"Coastal Defense Flotilla": Russian Black Sea Fleet suffered in 200 days of the Ukrainian war

“Coastal Defense Flotilla”: Russian Black Sea Fleet suffered in 200 days of the Ukrainian war

Days after Russia launched its invasion of neighboring Ukraine, Russian conscript sailor Mark Tarasov wrote to his mother in St. Petersburg from the Black Sea Fleet’s flagship Moskva.

“I’m fine. I’m alive. We’re doing well. I really don’t know what’s going on in the world right now, just in general terms,” ​​he said. wroteaccording to a photo posted by his mother on the social network VKontakte.

“I can’t wait to get back [home]There are still nine months left.

Less than two months later, a pair of Ukrainian anti-ship missiles hit the Moskva in the sea off Odessa, causing a major fire. As a result, the ship sank.

The sinking of Moskva, the pride of Russia’s Black Sea Fleet, was the first in a series of symbolic setbacks suffered by the fleet in the 200 days since Moscow sent troops into its pro-Western neighbor.

Defeats at sea and on land significantly reduced the offensive capabilities of the fleet and, according to reports, led to the removal of its commander.

One Western official is reported said last month that, as a result of losses, the Black Sea Fleet became nothing more than a “coastal defense flotilla.”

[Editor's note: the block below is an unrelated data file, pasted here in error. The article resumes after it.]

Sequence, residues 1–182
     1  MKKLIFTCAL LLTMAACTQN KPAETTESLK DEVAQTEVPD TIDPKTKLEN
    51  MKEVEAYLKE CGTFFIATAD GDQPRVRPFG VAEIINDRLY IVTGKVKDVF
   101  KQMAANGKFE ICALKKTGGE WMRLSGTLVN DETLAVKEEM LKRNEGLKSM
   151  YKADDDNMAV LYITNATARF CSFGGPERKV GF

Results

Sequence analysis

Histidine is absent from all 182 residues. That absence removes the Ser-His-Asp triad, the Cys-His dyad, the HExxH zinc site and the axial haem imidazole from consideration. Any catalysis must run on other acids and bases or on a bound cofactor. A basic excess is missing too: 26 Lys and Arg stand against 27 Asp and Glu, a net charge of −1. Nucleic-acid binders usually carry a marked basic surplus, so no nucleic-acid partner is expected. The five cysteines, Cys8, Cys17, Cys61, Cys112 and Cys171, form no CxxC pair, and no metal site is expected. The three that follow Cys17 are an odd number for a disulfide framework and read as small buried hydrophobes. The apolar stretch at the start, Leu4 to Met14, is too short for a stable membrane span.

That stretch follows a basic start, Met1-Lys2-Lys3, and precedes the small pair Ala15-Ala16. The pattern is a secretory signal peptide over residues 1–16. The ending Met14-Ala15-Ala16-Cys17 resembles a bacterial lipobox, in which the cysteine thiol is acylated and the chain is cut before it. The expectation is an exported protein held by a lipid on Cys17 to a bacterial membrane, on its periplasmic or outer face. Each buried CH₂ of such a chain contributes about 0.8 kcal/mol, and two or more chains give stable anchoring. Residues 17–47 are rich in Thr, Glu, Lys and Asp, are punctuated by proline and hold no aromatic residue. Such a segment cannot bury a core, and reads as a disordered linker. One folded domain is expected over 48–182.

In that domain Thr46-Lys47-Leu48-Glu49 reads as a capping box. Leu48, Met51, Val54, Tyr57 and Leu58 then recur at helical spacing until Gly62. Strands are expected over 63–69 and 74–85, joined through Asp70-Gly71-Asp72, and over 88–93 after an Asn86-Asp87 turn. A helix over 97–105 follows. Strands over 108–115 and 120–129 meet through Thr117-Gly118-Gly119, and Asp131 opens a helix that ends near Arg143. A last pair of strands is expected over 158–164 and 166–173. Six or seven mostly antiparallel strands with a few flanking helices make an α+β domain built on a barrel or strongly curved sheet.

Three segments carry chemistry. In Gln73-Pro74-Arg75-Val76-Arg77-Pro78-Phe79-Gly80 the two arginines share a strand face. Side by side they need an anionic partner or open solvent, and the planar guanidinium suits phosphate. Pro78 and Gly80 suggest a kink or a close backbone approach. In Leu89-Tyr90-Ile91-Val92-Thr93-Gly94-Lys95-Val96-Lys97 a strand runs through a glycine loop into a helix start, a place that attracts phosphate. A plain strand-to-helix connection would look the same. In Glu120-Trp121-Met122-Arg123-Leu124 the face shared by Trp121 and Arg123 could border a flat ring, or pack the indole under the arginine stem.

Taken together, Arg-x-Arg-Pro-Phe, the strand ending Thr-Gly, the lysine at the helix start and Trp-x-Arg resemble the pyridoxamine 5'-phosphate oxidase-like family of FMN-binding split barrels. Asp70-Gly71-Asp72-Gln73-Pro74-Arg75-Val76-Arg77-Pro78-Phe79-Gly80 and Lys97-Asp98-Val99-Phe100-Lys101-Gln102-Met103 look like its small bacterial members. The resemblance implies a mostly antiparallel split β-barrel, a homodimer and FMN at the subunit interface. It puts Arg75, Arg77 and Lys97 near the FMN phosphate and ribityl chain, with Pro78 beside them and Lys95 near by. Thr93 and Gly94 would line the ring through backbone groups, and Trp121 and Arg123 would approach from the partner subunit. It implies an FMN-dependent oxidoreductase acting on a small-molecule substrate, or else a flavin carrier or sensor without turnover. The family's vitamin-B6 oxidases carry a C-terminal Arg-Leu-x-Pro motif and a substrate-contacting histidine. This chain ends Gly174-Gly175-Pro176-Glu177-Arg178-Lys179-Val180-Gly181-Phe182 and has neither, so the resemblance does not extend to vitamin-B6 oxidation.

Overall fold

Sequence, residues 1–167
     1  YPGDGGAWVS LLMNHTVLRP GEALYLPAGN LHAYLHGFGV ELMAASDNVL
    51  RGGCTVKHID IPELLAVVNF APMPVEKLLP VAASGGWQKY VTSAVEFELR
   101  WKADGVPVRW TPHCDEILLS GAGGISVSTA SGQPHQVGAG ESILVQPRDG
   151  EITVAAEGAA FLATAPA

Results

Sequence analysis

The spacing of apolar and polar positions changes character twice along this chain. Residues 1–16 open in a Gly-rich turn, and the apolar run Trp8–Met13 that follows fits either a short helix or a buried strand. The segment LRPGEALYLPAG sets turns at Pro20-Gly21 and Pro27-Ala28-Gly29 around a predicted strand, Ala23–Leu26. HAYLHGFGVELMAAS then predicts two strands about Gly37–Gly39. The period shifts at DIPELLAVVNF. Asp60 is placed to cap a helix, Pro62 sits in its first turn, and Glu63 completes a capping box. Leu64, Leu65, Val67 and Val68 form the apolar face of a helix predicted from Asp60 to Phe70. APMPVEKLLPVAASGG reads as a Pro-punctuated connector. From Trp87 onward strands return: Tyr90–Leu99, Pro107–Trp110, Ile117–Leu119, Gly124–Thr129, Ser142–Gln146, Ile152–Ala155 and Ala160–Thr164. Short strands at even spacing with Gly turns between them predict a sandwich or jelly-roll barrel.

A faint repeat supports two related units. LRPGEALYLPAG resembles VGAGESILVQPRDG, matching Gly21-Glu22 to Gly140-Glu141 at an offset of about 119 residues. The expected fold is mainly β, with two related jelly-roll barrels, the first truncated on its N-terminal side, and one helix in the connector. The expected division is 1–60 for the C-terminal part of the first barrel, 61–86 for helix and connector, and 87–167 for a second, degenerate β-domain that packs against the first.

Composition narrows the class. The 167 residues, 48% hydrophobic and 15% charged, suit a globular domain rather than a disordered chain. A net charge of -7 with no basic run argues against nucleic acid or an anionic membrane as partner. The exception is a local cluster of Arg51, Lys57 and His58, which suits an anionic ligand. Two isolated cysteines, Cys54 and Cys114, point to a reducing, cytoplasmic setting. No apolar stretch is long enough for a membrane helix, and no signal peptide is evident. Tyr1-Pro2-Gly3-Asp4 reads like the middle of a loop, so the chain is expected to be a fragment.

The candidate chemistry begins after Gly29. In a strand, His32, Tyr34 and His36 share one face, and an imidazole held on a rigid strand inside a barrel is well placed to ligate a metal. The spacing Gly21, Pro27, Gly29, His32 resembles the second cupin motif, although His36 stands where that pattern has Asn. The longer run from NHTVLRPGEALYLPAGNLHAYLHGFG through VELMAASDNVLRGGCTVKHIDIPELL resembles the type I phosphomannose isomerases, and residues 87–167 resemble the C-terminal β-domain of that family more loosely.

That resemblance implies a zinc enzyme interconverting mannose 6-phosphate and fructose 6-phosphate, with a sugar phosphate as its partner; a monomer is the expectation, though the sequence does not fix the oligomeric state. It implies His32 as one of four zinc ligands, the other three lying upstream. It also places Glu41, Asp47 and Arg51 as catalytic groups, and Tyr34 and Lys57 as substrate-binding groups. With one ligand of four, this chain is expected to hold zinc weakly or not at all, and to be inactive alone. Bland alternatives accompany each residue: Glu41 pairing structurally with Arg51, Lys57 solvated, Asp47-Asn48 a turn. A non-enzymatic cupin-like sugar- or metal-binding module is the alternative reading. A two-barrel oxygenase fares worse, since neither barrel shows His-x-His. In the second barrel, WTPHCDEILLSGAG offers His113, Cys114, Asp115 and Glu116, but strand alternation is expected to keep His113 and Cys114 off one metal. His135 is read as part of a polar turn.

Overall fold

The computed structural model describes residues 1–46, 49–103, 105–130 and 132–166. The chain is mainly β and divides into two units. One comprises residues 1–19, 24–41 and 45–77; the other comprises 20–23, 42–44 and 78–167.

According to Oryx, an intelligence blog that tracks Russian military casualties, the loss of men and equipment to the Ukrainian attacks, including at least 10 warships, has been especially notable.

“With the loss of Moskva, hundreds of marines and a number of other ships, the fleet probably no longer has the combat power to completely cut off Ukraine from the Black Sea,” said independent military analyst Pavel Luzin.

Mark Tarasov and his mother Ulyana.
Ulyana Tarasova / vk.com

A Ukrainian missile sank the amphibious assault ship Saratov in the Russian-occupied Ukrainian port city of Berdyansk in March, and since then Ukraine has damaged or destroyed five patrol boats, according to Oryx.

The rescue tug “Vasily Bekh” sank in June while delivering weapons and personnel to Snake Island, a strategic outpost that was later abandoned Russian troops.

Perhaps most symbolically, the headquarters of the Black Sea Fleet in the Crimean port city of Sevastopol was attacked not once, but twice.

Explicit Drone strike at the end of July, they resulted in six casualties and the cancellation of the planned Navy Day celebrations. Three weeks later another drone hit the same building, raising columns of black smoke into the sky.